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  • 5. At 01:44am on 13 Apr 2010, reachmukul wrote:

    No one cares about about a bus conductor wedding a bus driver. Mr. Biswas why are you wasting your time and talent writing about an average tennis player marrying an average cricket player.

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  • 6. At 03:09am on 13 Apr 2010, buymespresso wrote:

    When I heard about their marriage, I only had two thoughts. The first was "Cool - wonder what sport the kids will pick" and "Hope she keeps playing tennis". The first was, of course, quite stereotypical - having athletic ability is one thing, having the desire and doggedness to pursue a sport to the highest levels is another. The kids, should there be any kids, will - like kids everywhere - do what they d**n well want to do :-)

    I haven't paid too much attention to what the media said. I heard the basics - his prior marriage, her prior engagement - but since I'm not close to the couple, I don't know the actual details. I am a little worried about a strong woman marrying into one of the most patriarchal cultures on the planet - will it crush her spirit? - but then again, she's grown up with that culture, her new hubby insists that she'll keep her career, and her inner strength isn't going to suddenly vanish. She'll be alright.

    I certainly wish them well as they join the list of cross-border married couples : biathletes Ole Einar Bjørndalen (Norway) and Nathalie Santer (Italy), lugers Susi Erdmann (Germany) and Gerhard Plankensteiner (Italy), etc.

    If you want to go over half a century back, consider the story of two athletes on opposite sides of the Cold War who competed at the 1956 Melbourne Olympics. Soviet Olga Fikotova won gold in the discus and American Harold Connolly won gold in the hammer, and the two somehow managed to meet long enough to fall in love. They got married, Fikotova was somehow allowed to emigrate, and had a nice long 17 year marriage. (Pretty good, considering how little time they had to meet.)

    And, despite what I said about kids not to be speculated on... once upon a time, an average footballer and an average gymnast fell in love and got married and had two kids who both ended up playing professional tennis. The younger one had injury problems and retired early. The older one, who married an average basketball player, is Kim Clijsters.

    (Forgive my use of the term 'average' - anyone who can get to represent their country in a sport or make a living from it cannot be average, certainly not compared to the rest of us. It's insulting of us to call them so.)

    So I'll say to them what I usually say to friends who get married - good luck, try not to go to bed angry, remember to give and take, do stuff together, share your vulnerabilities, don't stop talking with each other, keep laughing, do small little things for each other, and try to be each other's rock in the crazy world we live in.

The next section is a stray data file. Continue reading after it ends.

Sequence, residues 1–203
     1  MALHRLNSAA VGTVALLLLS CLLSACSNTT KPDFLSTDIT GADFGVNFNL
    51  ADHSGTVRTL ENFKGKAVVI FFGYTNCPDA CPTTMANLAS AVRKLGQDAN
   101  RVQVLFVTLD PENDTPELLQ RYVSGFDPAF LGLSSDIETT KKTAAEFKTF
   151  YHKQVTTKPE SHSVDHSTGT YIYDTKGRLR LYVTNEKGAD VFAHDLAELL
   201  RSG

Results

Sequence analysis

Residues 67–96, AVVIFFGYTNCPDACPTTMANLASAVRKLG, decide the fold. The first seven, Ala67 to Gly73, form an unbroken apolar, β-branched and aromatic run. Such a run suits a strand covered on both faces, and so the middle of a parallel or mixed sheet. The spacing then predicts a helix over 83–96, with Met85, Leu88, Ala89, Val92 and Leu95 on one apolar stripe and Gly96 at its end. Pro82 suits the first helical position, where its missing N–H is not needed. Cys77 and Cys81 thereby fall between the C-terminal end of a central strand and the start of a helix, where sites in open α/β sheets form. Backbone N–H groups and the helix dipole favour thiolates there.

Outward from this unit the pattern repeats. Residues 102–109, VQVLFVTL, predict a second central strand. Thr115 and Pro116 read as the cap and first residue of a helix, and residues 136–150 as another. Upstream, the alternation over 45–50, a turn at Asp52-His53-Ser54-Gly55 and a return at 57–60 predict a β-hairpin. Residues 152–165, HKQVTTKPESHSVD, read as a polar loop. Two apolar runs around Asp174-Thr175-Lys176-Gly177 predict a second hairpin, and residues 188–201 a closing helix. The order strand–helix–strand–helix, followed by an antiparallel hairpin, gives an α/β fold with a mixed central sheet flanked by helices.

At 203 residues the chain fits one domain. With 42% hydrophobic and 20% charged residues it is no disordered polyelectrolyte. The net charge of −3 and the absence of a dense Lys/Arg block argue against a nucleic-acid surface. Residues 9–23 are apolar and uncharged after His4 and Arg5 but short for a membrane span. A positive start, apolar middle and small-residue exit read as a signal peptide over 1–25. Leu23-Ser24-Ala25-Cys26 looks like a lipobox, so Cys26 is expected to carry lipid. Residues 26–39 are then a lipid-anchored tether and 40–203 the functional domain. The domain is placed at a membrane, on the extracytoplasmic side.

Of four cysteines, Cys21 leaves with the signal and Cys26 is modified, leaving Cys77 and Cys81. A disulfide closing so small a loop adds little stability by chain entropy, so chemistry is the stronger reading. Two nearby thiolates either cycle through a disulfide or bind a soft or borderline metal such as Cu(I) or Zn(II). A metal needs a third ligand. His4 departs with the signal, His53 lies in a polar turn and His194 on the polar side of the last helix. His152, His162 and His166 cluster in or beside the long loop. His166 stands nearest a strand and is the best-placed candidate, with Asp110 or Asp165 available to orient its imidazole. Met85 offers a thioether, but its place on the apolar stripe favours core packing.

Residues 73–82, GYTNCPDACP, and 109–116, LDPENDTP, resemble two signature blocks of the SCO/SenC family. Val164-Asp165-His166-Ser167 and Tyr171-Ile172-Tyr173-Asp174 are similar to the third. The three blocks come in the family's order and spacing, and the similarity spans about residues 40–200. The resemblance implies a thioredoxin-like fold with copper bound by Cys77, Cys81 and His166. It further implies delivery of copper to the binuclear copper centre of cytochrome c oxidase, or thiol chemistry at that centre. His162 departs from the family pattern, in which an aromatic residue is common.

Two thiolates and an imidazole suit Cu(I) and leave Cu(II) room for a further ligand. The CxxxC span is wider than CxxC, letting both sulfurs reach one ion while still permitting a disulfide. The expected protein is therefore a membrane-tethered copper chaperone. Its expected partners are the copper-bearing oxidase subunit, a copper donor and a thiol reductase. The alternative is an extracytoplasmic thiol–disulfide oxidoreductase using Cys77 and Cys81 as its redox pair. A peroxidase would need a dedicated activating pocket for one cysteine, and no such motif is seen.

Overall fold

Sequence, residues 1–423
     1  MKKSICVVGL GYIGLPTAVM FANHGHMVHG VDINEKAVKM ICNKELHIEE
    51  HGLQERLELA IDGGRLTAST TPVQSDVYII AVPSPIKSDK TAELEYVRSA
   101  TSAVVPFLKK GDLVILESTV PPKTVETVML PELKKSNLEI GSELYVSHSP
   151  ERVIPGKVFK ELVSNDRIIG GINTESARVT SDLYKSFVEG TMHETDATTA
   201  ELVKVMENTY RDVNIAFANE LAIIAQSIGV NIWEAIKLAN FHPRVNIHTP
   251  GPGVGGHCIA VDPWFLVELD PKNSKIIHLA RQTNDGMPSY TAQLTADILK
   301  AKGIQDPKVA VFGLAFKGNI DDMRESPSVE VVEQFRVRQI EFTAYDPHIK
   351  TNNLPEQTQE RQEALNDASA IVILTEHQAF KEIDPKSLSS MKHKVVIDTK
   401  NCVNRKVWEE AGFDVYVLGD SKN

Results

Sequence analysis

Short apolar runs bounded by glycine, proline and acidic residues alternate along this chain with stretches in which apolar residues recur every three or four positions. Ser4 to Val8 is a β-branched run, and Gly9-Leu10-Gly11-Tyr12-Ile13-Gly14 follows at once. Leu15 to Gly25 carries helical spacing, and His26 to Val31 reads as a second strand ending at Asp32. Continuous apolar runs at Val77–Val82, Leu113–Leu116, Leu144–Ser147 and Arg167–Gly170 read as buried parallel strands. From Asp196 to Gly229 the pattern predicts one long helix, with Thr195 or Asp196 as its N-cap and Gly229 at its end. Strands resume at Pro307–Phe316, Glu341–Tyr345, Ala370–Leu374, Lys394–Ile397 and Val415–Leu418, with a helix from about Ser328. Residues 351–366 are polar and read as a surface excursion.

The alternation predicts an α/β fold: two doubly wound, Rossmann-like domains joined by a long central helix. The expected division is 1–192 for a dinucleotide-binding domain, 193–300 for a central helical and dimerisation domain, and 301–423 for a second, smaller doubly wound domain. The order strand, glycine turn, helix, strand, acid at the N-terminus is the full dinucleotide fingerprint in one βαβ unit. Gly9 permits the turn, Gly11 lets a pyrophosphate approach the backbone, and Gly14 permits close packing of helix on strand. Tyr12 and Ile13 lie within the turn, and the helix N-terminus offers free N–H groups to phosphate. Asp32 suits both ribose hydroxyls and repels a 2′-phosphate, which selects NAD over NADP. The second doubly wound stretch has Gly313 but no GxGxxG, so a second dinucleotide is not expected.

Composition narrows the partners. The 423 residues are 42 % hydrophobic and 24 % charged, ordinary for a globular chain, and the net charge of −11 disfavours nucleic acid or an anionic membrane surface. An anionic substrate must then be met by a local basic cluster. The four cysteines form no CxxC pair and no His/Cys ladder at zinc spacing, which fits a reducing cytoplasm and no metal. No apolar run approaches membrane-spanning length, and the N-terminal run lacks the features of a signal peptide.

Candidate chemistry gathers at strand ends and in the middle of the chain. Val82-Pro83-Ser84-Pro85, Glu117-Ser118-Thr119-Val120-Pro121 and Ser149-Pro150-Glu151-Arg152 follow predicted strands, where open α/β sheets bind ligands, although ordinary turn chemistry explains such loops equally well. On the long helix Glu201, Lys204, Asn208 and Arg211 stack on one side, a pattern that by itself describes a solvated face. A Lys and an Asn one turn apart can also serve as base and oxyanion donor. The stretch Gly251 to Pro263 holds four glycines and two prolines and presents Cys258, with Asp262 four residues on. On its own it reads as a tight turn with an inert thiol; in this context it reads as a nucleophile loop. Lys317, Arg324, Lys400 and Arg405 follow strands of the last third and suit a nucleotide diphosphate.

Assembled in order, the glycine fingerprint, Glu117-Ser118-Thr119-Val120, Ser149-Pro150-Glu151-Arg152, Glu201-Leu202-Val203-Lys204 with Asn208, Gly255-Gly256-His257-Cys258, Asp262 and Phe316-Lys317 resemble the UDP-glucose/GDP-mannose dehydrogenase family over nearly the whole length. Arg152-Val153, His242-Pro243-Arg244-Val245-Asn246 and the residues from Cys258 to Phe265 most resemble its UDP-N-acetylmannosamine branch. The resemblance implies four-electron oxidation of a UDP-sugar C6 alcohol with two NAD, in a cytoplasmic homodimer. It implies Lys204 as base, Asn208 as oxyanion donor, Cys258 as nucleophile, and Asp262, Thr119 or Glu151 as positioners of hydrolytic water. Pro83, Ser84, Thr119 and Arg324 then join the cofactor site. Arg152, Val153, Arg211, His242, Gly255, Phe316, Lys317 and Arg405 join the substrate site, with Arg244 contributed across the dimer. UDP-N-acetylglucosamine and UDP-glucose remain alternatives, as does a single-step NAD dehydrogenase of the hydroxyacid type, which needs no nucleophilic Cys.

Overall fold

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  • 7. At 03:49am on 13 Apr 2010, buymespresso wrote:

    Correction: Olga Fikotova was from Czechoslovakia, not the USSR, sorry.

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  • 8. At 04:41am on 13 Apr 2010, Emon Khastagir wrote:


    I think media did the right thing by publishing the all things about
    sania and shoib. people's rights to know about all public figure. they
    earn and live by using publics emotion and their money.both sania and shoib have a great shake on their own field . there are lots of sania and shoib is waiting in the queue with a lots of sports merit .
    But whats the main fact as an indian sania have not done the right thing while public is continiously following there's life style , as shoib already had a wife ayesha. it also not the right time to say who is the looser .
    we should appreciate all the media , coz for there huge publicity Ayesha get the right justice. thanks them to open the mask of shoib.

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  • 9. At 05:19am on 13 Apr 2010, Rajiv wrote:

    The view point of the Indian media is totally foolish. It shows the quality of the people working with in those organization.

    Rather than appreciating a pakistani for marrying an indian girl, the media is trying to create an issue. See the quality of the Shoaib and Saniya and try to nurture the relationship between India and pakistan.

    I know many people liked sharukh khan's movie called VeerZara. Same way, these lovers are trying to fight against the commotion generated by the media and they are successful. They should be appreciated and recognized rather calling them traitors. I feel pity for the indian media, they really sucks!

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  • 10. At 05:48am on 13 Apr 2010, BP Singh wrote:

    This comment has been referred for further consideration. Explain

  • 11. At 06:43am on 13 Apr 2010, Fasih Khan wrote:


    Congratulations to both Shoaib & Sania.

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  • 12. At 08:08am on 13 Apr 2010, CricketBuster wrote: